As with SS, here too we have a syncretic view regarding several natural phenomena. But one difference has to be noted. Here the idea of svabhāva has nothing to do with accidentalism as it was apparent in Kānkāyana’s objections to Bharadvāja’s proposal in CS, 1.25.22. On the other hand, svabhāva here stands for absolute regularity and represents a natural force, not a supernatural agency existing outside nature and controlling all events. Kāla, too, is not a mysterious entity as projected in the Mahābhārata, Śāntiparvan (chs. 217 and 220), Kāmasūtra (1.2.32-37) and elsewhere.9 Time here is no less regular than svabhāva: it leaves nothing to chance or randomness.
It has been suggested that svabhāva is the basis of Caraka’s materia medica (Chattopadhyaya 1979: 155 and passim [see Index]). We would like to add, however, that CS is not uniform in its use of the term svabhāva. The connotation of the word in 1.6.4-5 is much narrower than it is in 1.25.22.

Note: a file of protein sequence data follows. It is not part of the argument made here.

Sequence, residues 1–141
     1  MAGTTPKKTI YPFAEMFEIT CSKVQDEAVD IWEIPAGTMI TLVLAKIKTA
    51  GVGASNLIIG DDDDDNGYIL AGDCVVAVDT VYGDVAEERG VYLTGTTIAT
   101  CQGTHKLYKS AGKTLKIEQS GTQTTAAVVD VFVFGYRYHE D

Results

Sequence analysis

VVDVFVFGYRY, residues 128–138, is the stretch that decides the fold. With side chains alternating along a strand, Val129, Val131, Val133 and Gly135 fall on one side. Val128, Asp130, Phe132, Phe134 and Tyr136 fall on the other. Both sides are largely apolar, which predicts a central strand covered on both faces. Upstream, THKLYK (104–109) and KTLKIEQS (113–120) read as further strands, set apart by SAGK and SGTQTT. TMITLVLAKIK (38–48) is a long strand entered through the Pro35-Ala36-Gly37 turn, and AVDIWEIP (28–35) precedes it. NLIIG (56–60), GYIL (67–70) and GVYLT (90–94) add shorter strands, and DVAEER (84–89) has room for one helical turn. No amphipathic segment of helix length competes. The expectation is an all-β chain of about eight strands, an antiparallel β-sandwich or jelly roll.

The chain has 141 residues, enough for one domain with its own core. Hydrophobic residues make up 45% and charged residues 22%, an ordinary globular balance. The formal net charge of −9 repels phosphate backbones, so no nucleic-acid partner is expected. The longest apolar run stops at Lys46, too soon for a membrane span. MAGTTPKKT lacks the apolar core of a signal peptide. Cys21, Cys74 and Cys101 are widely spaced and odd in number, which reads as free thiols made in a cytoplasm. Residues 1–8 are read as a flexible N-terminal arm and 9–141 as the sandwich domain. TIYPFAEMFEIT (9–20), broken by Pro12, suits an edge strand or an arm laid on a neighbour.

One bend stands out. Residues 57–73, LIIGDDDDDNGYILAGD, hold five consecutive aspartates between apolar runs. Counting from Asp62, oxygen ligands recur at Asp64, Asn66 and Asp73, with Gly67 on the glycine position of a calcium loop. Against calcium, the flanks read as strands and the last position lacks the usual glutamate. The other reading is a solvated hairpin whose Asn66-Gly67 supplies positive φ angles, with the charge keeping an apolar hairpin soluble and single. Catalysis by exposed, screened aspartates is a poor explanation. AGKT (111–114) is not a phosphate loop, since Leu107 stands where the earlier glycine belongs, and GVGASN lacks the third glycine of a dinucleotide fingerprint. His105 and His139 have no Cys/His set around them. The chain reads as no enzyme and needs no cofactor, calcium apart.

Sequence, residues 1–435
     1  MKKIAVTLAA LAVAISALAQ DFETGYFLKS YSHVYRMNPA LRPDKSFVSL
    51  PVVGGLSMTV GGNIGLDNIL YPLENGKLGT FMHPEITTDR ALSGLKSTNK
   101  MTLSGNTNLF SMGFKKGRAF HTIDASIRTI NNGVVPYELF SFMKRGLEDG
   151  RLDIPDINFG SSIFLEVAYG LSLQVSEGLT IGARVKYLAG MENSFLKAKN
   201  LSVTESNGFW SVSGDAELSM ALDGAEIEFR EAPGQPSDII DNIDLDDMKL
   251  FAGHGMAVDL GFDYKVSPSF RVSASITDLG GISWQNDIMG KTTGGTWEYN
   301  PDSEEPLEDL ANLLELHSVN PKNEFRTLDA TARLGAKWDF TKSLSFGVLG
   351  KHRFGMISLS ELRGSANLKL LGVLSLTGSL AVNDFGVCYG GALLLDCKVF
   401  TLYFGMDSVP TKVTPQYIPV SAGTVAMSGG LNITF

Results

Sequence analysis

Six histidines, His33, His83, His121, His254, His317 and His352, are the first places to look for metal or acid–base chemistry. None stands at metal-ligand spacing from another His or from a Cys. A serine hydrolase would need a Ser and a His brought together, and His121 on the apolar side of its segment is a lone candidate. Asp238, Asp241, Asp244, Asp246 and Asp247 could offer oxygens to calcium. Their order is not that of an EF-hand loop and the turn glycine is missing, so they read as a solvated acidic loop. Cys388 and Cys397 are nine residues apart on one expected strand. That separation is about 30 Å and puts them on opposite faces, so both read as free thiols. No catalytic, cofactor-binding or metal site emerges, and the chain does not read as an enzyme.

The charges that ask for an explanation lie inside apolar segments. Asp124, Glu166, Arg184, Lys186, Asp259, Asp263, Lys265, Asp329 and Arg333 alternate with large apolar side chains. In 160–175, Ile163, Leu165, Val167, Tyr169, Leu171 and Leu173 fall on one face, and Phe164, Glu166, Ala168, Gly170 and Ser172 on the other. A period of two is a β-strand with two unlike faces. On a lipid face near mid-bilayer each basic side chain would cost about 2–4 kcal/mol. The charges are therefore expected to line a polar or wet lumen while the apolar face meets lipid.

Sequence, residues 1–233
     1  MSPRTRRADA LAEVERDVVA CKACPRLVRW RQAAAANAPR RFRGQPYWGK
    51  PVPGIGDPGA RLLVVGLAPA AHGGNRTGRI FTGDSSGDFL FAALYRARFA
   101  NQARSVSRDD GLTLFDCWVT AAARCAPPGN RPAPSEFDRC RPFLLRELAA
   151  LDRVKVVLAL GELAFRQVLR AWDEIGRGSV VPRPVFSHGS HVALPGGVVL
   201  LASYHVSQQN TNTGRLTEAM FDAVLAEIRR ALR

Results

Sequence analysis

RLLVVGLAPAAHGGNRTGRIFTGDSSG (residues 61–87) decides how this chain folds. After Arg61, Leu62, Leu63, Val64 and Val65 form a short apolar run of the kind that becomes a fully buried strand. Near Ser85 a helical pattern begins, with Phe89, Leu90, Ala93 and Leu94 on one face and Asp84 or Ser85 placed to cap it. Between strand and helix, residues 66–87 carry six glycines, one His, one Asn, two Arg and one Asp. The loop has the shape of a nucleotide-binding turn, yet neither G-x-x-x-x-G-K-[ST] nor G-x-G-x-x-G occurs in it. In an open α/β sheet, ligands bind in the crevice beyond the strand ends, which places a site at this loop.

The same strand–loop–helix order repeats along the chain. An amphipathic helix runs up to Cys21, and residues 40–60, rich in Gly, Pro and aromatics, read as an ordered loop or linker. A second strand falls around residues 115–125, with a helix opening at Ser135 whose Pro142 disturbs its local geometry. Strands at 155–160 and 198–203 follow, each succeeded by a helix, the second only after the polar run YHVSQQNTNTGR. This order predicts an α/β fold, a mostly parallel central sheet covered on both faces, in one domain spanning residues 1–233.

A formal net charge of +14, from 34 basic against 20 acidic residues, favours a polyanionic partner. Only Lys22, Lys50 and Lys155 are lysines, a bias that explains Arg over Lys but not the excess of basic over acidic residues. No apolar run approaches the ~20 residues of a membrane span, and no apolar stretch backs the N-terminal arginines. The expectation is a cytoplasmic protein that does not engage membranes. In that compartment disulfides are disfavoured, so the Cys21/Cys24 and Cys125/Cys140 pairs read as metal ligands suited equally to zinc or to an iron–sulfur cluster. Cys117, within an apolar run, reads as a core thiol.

Syncretism has been a part and parcel of ancient Indian thought. In the philosophical tradition we have such syncretic schools as the Sāmkhya-Yoga and the Nyāya-Vaiśeika. In the case of the ‘lost philosophies’ too, we find the same inclination towards syncretism. It is evident both in Brahminical and Jain works as well as in the two medical compilations.10 

At the same time, it is worth noting that in CS itself, svabhāva is used in two quite different senses: one, suggesting the inherent nature of objects as the cause of their appearance and the other suggesting randomness. Cakrapānidatta apparently did not bother to explain this discrepancy. His identification of svabhāvavāda with the Cārvāka/Lokāyata seems to have followed from a tradition that can be traced back to the author of Suvarnasaptatiśāstra (sixth century CE).11  alhana’s interpretation of yadrcchā, however, is not only unconventional but also unacceptable. It is probable that since svabhāva and yadrcchā had already been considered as synonymous,12 he used yadrcchā as an interchangeable term for svabhāva, taking it to mean causality or regularity of nature. All this proves that the doctrines of svabhāva, kāla and the rest were largely forgotten by the early centuries of CE which is why the commentators of CS and SS do not agree in their interpretations of these terms.